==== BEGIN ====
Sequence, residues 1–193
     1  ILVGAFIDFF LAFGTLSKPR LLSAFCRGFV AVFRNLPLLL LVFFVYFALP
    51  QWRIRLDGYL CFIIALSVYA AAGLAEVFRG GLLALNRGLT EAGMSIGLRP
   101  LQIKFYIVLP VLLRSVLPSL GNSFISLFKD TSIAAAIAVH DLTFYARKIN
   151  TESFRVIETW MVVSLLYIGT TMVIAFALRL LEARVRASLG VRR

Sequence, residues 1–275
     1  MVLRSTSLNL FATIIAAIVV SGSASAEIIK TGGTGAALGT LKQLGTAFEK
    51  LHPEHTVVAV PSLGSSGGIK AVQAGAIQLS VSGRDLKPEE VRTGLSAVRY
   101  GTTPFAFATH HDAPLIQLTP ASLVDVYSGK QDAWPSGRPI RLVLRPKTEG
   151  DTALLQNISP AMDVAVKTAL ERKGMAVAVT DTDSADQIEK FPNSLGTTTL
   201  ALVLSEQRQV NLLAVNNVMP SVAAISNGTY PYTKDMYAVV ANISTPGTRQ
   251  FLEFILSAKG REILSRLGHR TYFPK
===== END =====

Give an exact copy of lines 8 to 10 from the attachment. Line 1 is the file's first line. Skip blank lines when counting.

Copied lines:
    51  LHPEHTVVAV PSLGSSGGIK AVQAGAIQLS VSGRDLKPEE VRTGLSAVRY
   101  GTTPFAFATH HDAPLIQLTP ASLVDVYSGK QDAWPSGRPI RLVLRPKTEG
   151  DTALLQNISP AMDVAVKTAL ERKGMAVAVT DTDSADQIEK FPNSLGTTTL